Title page for ETD etd-11092007-071610


Type of Document Dissertation
Author Henne, Donald Charles
Author's Email Address DHenne@agcenter.lsu.edu
URN etd-11092007-071610
Title Population Ecology of Pseudacteon tricuspis Borgmeier (Diptera: Phoridae), an Introduced Parasitoid of the Red Imported Fire Ant Solenopsis invicta Buren (Hymenoptera: Formicidae) in Louisiana
Degree Doctor of Philosophy (Ph.D.)
Department Entomology
Advisory Committee
Advisor Name Title
Seth Johnson Committee Chair
Gregg Henderson Committee Member
James Cronin Committee Member
Timothy Schowalter Committee Member
Zhijun Liu Dean's Representative
Keywords
  • host-parasitoid interactions
  • population dynamics
  • dispersal
  • biological control
  • fire ants
Date of Defense 2007-11-02
Availability unrestricted
Abstract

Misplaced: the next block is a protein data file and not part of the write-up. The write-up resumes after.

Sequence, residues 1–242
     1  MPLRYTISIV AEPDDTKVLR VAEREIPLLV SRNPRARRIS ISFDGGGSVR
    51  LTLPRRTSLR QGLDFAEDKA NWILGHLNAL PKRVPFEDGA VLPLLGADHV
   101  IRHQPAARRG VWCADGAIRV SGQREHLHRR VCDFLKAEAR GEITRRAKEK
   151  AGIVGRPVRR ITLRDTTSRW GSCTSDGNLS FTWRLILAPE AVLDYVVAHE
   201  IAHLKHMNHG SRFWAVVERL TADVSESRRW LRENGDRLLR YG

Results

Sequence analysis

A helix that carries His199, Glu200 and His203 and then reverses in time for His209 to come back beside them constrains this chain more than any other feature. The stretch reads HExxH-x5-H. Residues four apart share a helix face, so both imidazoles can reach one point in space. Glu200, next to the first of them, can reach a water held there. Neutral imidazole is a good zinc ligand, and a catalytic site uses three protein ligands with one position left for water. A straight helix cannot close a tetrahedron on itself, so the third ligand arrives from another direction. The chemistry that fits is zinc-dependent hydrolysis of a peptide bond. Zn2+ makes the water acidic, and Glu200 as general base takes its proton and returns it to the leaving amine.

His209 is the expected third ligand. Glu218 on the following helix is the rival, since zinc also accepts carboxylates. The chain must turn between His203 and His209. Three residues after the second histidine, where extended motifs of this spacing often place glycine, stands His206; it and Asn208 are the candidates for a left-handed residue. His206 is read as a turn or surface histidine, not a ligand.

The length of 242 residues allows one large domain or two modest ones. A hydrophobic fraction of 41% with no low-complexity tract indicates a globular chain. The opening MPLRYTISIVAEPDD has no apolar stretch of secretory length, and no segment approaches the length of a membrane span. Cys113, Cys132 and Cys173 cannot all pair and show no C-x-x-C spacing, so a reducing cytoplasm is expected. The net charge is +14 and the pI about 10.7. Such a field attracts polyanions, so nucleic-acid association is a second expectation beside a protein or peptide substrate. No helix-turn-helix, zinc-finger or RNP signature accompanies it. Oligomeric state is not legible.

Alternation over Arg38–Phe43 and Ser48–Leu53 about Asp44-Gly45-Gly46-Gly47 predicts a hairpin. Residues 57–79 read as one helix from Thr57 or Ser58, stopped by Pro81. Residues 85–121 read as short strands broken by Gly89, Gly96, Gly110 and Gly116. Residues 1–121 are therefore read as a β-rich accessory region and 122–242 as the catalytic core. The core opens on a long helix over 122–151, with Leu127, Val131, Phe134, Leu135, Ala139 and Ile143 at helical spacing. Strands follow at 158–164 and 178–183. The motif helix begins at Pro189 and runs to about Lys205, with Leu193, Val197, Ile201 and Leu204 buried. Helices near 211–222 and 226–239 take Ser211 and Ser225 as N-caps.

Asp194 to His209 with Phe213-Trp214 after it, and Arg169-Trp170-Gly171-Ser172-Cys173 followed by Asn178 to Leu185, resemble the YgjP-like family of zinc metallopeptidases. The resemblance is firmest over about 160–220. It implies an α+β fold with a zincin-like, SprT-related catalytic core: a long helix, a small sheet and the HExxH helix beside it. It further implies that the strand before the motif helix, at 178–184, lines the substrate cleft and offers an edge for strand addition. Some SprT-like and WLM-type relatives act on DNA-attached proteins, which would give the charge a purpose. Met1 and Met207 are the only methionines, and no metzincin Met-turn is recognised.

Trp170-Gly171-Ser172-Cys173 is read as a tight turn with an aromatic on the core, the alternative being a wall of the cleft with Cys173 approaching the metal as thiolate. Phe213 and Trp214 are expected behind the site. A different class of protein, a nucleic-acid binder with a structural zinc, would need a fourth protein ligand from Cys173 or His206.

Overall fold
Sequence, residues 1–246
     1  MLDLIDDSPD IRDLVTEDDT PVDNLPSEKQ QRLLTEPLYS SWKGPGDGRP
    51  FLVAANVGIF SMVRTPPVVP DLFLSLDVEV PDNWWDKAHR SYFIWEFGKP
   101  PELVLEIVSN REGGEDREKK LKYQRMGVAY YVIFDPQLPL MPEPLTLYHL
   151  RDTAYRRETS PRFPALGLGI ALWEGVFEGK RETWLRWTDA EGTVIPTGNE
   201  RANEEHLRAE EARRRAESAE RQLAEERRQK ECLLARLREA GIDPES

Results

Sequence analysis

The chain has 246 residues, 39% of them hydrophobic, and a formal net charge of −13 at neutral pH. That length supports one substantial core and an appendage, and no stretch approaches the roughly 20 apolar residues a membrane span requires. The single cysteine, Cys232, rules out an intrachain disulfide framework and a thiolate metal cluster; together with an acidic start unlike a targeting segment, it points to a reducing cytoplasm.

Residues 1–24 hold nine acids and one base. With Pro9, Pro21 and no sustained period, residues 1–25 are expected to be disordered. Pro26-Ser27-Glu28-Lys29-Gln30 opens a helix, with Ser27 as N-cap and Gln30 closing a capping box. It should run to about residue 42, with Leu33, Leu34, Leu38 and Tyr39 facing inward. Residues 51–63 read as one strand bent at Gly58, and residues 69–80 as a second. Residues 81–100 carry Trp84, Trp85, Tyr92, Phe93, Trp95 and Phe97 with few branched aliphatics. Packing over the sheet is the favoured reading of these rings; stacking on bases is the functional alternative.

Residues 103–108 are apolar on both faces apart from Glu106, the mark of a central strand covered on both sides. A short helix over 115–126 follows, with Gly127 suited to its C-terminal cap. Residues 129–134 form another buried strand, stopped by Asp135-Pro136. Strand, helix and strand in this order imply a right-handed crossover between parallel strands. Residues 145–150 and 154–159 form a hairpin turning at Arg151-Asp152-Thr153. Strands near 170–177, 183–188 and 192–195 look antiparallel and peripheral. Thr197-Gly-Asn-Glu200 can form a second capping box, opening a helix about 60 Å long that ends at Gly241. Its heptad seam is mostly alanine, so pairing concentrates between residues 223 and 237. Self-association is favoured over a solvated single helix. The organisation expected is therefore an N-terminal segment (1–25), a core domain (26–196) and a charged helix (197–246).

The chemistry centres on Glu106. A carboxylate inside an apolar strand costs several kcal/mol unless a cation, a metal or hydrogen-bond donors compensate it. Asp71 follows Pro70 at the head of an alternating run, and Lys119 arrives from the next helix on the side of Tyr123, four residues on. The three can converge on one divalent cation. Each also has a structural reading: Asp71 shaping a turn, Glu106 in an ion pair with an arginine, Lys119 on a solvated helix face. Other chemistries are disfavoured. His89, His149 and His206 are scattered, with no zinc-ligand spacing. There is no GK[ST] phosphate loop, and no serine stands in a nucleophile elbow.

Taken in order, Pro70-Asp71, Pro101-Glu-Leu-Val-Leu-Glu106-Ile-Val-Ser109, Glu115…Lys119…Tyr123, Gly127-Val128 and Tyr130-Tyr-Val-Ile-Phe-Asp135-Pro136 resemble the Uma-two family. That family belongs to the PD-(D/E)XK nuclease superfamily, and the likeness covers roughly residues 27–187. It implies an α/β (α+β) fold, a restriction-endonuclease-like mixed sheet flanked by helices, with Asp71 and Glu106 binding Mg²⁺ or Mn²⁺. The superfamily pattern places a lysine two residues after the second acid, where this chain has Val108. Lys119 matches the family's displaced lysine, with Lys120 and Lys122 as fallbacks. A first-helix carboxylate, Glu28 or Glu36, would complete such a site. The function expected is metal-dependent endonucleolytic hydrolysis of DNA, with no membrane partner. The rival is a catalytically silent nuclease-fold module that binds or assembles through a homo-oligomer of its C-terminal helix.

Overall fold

Aspects of the population ecology of a parasitoid (Pseudacteon tricuspis) of the red imported fire ant (Solenopsis invicta) in Louisiana were studied. The spatio-temporal abundance patterns, dispersal, population spread, aggregation, direct mutual interference and functional response characteristics of this parasitoid were studied to address deficiencies in our knowledge about phorid flies, particularly Pseudacteon parasitoids. This endoparasitoid was discovered to manipulate host ant behavior in ways that benefit its own survival. Laboratory experiments to gain insights into behavioral and functional responses revealed that fly aggregations were density-dependent and interference was not significant when 1-3 females were simultaneously confined with hosts, although per capita oviposition success appeared to decline. Searching efficiency of 2-3 simultaneously ovipositing females was not significantly different than solitary females. Solitary females parasitized a constant proportion of hosts according to a Type 1 functional response. Modelling of the local spatial population structure of P. tricuspis, and relationship of abundances to host social form and pathogen-infected colonies, revealed no significant spatial associations between fly counts and infected host colonies. When fly populations peaked, significant count clusters were associated with polygyne colonies. Fly counts reflected a random spatial and temporal distribution, as count patterns were not stable. Dispersal experiments were conducted to quantify local fly movement. Diffusion rates tended to decline over time after release and most dispersal density-distributions did not conform to a simple diffusion model, implying heterogeneous population dispersal. Long-term population spread was monitored for two expanding populations of P. tricuspis. Range expansion accelerated the first four years post release, contrasting with a linear pattern expected with simple diffusion. Annual rates of spread were low in the first two years, increased rapidly years 3-4, and leveled off years 5-6, peaking at 15-25 km/yr. Finally, daily and seasonal dynamics of P. tricuspis were studied. Findings resulted in a protocol for sampling P. tricuspis populations in Louisiana. In addition to providing essential information about P. tricuspis population ecology, results of this study will be useful in conservation, augmentation, sampling and management of P. tricuspis and other species of Pseudacteon that have been released in the United States.
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